Student Assembly discusses daily newspaper, dean search
Student Assembly approved a "Statement of Concern Regarding Journalistic Integrity in The Dartmouth" at Tuesday night's meeting after discussing a controversial comic that ran in Monday's edition of The Dartmouth. The Assembly also spent the first half of the meeting questioning the Dean of the College Search Committee.
The successful legislation, which was sponsored by Student Body President Tim Andreadis '07, Yuki Kondo-Shah '07 and the Assembly's Diversity Affairs Committee, addressed what the resolution called student complaints about The Dartmouth. The two student sponsors focused on accountability, accuracy and editorializing in news articles as well as questions about the selection process of op-ed columns.
To support their claims of inaccurate reporting, proponents cited a few articles, including one in winter 2005 about the Martin Luther King Jr. Day speaker that year. The article, Kondo-Shah said, misrepresented the black community's opinion at the time.
"The reasoning behind [the legislation] is that I, as Student Assembly president, and I think we, as a Student Assembly exec[utive] board and other people on Student Assembly have heard a lot of concerns regarding journalistic integrity in The Dartmouth," Andreadis said at the meeting. "We feel like we have an obligation to the students to address that concern to [The Dartmouth]."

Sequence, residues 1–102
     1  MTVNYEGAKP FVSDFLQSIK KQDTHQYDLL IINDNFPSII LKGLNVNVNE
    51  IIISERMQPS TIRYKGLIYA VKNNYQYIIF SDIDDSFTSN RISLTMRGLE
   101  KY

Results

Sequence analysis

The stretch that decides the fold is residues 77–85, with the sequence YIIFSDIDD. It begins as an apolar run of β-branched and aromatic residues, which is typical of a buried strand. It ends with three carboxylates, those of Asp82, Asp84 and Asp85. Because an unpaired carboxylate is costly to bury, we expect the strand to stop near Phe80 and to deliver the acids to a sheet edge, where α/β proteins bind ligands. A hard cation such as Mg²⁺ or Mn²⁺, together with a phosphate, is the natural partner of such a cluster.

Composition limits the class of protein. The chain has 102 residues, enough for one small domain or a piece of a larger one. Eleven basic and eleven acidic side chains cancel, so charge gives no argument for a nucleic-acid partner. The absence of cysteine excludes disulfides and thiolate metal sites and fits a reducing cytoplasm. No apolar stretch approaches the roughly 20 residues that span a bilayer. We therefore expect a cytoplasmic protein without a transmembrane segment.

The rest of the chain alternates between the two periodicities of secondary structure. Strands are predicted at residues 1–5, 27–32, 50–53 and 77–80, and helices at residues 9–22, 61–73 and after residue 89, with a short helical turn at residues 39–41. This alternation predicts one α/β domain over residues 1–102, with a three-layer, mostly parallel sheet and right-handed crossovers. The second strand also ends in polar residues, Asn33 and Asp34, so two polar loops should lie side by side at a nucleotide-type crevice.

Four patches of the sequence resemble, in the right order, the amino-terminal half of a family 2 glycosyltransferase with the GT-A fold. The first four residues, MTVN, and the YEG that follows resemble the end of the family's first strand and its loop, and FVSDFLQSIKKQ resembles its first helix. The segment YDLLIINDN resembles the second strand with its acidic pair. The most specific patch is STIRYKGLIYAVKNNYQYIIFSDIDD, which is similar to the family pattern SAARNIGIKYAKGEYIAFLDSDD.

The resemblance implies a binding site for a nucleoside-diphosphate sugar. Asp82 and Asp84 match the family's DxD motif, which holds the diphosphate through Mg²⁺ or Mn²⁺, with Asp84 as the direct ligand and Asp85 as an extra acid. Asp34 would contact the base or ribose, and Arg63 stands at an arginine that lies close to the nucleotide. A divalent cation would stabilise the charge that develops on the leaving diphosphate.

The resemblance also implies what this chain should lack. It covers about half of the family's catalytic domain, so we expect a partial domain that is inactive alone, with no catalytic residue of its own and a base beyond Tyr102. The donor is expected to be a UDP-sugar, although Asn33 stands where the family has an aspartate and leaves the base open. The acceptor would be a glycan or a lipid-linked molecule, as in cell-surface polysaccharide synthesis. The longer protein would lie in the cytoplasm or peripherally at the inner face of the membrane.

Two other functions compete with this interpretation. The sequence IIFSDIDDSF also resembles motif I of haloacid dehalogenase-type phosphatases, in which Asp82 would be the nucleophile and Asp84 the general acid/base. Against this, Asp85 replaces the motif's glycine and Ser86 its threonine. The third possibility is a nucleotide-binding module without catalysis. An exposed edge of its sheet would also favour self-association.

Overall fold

The legislation is derived from an earlier version that failed to leave the Assembly Executive Board in winter 2005. Andreadis and Kondo-Shah introduced a revised version of this resolution after controversy arose about Monday's comic.
"The way that The D handled concerns about the comic is really kind of creating this [legislation], however it's been on the drawing board for awhile," Andreadis said.
Tuesday's Assembly meeting also included a visit by members of the Dean of the College Search Committee. After the Committee quickly outlined the timeline of its search process, members enumerated some of the qualities they are looking for in candidates. The Committee noted that a candidate with teaching experience would be attractive, as the dean of the College has to work with faculty members. Committee members also highlighted management and communication skills and an ability to work with many different constituencies as important characteristics.
Assembly members and other present students were then given the opportunity to ask questions of the Committee and suggest criteria that it ought to consider in its search.
Assembly member Adam Shpeen '07 asked the Committee to what extent the candidates would be asked about their positions on specific campus issues during the selection process.
"Frankly, as a student, I don't care what experience a dean would have. I care about the judgment of that dean, who that person is and what they care about and what they believe in. It matters that they are a good communicator, but I think it also matters more what they are actually communicating and what they intend to do within the position," Shpeen said.
Committee member John Engleman '68 responded that relevant campus issues are always changing, so the Committee cannot expect candidates to be able to address all topics specifically.
However, the Committee invited the attending students to enumerate what some of these relevant issues for discussion and consideration might be.
Students listed specific topics of interest including sexual abuse, the retention of minority faculty, athletics, the sustainability initiative and Greek life.
Director of the Rockefeller Center and Committee member Andrew Samwick encouraged students to continue to voice their ideas about these specific areas of concern.
"That [input] helps us be a better committee, so if there are other topics, by all means, share them with us," he said.